Byzantine Fire on the Water

The low state of medieval maritime technology ensured that battle tactics were just as basic. They had hardly progressed since Roman times. Confrontations at sea remained messy affairs that almost invariably devolved into unpredictable ship-against-ship mêlées. This helps explain why large-scale naval engagements were rare during the Middle Ages. Few naval commanders were willing to risk all in a single battle subject to so many uncontrollable variables. As on land, clashes at sea normally occurred only when one side or both could not avoid it.

The fact that there was no reliable ship-killing weapon compounded the uncertainty surrounding the outcome. The waterline ram or rostrum of the classical era was ineffective against the sturdier, frame-first hull construction which began to develop in the Mediterranean as early as the seventh century and found full implementation by the eleventh century. It proved utterly futile against the more robust ship architecture of the northern seas, even in Roman times. In his Commentarii de Bello Gallico (‘Commentaries on the Gallic War’), Julius Caesar said of the dense oak vessels of the Gauls, ‘Our ships could not damage them with the ram (they were so stoutly built).’ As a result, no warship in either the north or the south was known to have sported a ram by the seventh century. It was replaced on the Byzantine dromōn by a spur, a sort of reinforced bowsprit used to assist in seizing and boarding an enemy ship. The only weapon developed in the medieval period capable of destroying an entire vessel was ‘Greek fire’, a secret petroleum-based incendiary invented by a Syrian artificer named Kallinikos in the seventh century. Documentary and graphic sources indicate that it was spewed from specially constructed siphon tubes mounted on the bows of dromōns. Unfortunately its utility was extremely restricted. It had limited range and could only be deployed in calm or following winds.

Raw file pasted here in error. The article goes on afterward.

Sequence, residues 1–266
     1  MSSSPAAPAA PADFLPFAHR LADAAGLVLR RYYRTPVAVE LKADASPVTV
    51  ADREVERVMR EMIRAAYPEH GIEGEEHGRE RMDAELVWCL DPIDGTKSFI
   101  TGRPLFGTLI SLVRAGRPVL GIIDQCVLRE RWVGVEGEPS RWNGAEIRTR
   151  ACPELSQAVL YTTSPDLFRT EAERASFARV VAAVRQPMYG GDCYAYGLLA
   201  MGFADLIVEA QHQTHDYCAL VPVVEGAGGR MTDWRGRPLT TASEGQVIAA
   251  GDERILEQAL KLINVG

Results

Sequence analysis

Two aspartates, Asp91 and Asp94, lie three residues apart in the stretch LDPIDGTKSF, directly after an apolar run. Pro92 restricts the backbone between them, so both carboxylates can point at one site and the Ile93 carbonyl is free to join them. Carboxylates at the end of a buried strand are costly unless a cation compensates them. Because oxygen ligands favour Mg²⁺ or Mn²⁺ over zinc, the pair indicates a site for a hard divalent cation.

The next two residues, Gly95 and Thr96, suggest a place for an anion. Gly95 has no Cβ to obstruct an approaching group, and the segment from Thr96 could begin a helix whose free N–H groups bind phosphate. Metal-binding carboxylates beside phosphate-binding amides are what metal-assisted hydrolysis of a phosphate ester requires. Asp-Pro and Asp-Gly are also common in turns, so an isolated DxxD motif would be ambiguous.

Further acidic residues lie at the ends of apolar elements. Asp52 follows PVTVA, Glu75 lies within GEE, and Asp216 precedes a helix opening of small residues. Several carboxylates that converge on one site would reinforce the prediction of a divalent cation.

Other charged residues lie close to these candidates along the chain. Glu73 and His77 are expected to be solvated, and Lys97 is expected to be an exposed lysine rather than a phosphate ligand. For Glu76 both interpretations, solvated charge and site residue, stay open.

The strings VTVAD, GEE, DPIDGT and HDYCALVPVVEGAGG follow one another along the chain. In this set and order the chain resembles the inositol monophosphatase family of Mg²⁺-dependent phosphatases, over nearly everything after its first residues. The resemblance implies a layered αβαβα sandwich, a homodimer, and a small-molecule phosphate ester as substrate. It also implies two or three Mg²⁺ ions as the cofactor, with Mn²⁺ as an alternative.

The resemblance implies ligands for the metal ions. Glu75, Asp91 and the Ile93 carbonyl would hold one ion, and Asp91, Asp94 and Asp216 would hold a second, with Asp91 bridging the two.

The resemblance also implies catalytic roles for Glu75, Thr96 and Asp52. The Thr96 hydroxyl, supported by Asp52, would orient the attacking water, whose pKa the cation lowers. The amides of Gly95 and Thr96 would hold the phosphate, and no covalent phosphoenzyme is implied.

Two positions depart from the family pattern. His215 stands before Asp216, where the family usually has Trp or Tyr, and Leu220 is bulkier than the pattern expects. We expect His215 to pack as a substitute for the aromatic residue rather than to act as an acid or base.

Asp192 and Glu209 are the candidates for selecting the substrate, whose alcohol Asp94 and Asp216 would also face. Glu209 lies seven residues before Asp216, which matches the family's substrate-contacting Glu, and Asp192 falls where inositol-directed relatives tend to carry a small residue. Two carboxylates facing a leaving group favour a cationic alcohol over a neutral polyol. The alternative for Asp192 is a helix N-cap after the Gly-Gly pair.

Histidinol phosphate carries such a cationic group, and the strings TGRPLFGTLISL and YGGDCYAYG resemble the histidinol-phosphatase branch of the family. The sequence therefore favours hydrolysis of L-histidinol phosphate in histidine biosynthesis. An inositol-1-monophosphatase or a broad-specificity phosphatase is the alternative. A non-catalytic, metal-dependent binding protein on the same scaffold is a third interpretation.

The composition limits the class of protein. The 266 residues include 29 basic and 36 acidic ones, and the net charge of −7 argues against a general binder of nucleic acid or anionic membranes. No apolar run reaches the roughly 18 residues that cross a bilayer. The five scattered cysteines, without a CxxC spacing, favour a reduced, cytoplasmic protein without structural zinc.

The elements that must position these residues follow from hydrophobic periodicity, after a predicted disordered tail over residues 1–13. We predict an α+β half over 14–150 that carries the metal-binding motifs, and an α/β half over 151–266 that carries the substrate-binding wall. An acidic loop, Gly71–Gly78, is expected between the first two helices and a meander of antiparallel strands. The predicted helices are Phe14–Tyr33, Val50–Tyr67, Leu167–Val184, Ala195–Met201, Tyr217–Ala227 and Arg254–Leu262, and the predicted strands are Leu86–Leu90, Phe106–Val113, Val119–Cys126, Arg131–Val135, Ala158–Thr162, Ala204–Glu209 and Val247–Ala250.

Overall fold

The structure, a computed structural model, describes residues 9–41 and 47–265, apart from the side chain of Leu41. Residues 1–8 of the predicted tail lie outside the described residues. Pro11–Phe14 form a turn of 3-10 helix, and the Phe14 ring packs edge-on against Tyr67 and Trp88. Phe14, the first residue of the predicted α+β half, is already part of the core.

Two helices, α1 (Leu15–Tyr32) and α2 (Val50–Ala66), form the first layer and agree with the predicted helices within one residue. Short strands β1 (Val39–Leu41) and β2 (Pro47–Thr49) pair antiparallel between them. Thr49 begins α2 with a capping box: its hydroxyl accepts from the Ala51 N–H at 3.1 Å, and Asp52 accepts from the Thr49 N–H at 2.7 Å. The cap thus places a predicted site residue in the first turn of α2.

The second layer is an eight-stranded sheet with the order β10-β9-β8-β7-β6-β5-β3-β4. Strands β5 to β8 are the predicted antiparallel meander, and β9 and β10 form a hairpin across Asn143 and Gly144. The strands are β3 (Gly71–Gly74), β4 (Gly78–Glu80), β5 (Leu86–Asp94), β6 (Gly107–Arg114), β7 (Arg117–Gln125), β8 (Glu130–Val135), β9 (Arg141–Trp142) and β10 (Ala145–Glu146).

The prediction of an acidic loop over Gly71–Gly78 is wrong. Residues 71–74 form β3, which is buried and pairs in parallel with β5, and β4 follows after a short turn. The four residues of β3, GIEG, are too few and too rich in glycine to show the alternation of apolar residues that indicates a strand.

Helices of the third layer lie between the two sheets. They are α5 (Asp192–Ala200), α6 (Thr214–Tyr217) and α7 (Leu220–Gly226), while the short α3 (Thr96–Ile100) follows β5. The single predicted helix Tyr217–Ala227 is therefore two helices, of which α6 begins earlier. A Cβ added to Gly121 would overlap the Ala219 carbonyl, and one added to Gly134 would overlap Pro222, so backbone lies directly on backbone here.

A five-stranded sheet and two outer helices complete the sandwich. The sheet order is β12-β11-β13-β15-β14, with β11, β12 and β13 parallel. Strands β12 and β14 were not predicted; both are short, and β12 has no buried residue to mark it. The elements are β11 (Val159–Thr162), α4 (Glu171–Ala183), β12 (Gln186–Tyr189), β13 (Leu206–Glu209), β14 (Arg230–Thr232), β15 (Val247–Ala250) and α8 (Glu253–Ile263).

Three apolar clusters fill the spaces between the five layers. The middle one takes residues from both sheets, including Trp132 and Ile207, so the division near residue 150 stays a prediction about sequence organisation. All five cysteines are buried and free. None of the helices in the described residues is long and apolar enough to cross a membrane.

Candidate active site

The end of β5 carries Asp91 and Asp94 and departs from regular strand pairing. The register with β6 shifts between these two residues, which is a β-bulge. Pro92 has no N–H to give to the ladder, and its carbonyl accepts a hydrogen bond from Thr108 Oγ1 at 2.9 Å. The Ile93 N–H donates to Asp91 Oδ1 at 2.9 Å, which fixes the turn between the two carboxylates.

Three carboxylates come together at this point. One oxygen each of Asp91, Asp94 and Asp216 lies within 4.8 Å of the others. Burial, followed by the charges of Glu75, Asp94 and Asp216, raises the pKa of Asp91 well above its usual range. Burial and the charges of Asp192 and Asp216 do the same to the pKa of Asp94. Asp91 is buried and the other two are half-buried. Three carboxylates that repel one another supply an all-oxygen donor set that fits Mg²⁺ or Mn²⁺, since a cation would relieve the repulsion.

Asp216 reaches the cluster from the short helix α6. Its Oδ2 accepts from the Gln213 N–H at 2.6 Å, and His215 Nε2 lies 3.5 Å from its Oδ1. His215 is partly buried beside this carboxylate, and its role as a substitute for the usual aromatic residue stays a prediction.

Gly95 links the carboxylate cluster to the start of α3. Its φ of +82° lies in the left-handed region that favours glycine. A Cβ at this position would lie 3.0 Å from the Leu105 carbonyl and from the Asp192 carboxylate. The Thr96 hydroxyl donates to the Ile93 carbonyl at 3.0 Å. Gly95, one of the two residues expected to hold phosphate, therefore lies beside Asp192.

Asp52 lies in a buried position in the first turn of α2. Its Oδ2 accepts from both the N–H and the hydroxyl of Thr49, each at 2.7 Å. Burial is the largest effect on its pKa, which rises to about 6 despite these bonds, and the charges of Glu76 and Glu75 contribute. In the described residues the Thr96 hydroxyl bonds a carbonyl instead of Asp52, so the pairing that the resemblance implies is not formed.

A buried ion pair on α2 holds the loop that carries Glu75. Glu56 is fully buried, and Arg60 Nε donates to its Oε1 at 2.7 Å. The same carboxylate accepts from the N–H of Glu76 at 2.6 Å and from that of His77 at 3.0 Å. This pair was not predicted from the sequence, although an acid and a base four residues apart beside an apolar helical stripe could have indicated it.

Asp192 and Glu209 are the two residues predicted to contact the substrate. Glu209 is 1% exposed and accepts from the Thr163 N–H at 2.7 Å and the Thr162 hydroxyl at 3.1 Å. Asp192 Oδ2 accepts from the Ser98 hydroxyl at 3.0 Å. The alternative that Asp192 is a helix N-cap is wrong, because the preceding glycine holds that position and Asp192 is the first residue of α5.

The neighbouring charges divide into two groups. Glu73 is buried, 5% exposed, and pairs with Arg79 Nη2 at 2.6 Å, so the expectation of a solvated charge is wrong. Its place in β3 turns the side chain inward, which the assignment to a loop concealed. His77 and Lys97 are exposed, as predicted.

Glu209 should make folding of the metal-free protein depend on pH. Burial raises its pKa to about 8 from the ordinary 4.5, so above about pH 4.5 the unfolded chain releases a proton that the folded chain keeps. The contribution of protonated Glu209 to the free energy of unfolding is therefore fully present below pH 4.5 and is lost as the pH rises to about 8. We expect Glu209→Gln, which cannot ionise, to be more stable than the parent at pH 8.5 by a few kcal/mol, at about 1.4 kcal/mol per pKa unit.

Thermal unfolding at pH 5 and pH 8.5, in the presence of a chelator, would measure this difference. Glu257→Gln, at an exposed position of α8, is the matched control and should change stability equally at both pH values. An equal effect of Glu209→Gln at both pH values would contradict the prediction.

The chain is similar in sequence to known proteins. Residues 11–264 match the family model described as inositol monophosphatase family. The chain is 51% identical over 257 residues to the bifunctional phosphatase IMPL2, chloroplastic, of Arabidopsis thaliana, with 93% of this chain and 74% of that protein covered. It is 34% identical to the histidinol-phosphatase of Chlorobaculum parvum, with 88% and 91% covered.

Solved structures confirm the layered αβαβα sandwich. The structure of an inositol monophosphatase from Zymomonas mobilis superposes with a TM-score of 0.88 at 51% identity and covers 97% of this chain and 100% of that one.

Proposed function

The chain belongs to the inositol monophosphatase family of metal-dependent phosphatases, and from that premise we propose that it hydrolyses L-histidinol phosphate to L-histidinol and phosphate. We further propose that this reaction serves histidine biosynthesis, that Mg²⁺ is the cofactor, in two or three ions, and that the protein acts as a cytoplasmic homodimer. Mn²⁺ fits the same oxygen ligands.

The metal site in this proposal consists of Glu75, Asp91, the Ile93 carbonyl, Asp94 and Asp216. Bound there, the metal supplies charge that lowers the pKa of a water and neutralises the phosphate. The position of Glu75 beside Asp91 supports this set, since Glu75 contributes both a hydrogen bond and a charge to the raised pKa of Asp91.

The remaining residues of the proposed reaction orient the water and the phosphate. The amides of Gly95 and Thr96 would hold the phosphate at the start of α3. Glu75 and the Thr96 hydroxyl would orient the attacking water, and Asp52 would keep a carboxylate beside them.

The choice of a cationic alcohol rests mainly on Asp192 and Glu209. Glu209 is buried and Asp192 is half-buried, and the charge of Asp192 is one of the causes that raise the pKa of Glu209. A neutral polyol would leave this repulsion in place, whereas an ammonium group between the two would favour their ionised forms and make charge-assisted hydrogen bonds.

Siphons for spewing ‘Greek fire’ were eventually mounted on protected platforms at the bow and possibly amidships. The parapeted forecastle (xylokastron) housed the main siphon, called the ‘raven’ (katakorax), while the castle amidships was the kastelloma. The aftercastle contained the kravatos, a structure to shield the kentarchos or captain.

The First Siege of Constantinople and the Advent of ‘Greek Fire’ (672–7)

Once Muawiyah had moved his capital to Damascus and consolidated his grip on power, he began preparations for an enormous expedition against Constantinople itself. In 672 he was ready. The caliph unleashed at least two separate fleets on the south coast of Asia Minor. Their activities must have kept the Karabisian fleet fully occupied. Both Crete and Rhodes were raided. One Arab fleet wintered in Cilicia (the southeastern coast of Anatolia) and the other in Lycia (on the south-central coast). Word of these incursions galvanized Constans’ son and successor, Constantine IV, into action. According to Theophanes, the emperor ‘built large biremes bearing cauldrons of fire and dromones equipped with siphons and ordered them to be stationed at the Proclianesian harbour of Caesarius [Constantinople’s Theodosian harbour]’. In 673 Muawiyah’s fleets surged into the Sea of Marmara and ravaged the Hebdomon district just southwest of Constantinople, then captured Kyzikos on the south shore of the sea. Here they established a base camp for incessant attacks on the city.

Constantinople would endure this maritime assault for the next several years, but the emperor was in possession of a terrible new weapon which would finally – and precipitously – end it. Residing in the city at that time was a Christian refugee from Heliopolis in Syria (modern Baalbek in Lebanon) named Kallinikos. Theophanes described him as an ‘architect’ or ‘artificer’ who had ‘manufactured a naval fire [or sea fire]’ which floated on the surface of the sea and could not be extinguished by water. Its precise ingredients were kept a closely guarded state secret and remain a mystery to this day. This has led to endless speculation through the ages and repeated attempts at replication. A similar Muslim concoction of the twelfth century was said to have included ‘dolphin’s fat’ and ‘grease of goat kidneys’. Early scholarly conjecture centred on saltpetre as the main component (as in gunpowder) or some form of quicklime, but recent empirical investigations, particularly by renowned Byzantinist John Haldon, have revealed that its primary ingredient was probably petroleum-based – most likely naphtha or light crude oil. The Byzantines had access to the oil fields of the Caucasus region northeast of the Black Sea where crude seeped to the surface. The theory is that Kallinikos may have distilled this into a paraffin or kerosene, then added wood resins as a thickening agent. The mixture was then heated in an air-tight bronze tank over a brazier and pressured by use of a force pump. The final step was the release of the flammable fluid through a valve for its discharge from a metal-sheathed nozzle, affixed with a flame ignition source. In a 2002 clinical test of this theory, Haldon and his colleagues, Colin Hewes and Andrew Lacey, were able to produce a fire stream in the neighbourhood of 1,000 degrees Celsius that extended at least 15m (49ft).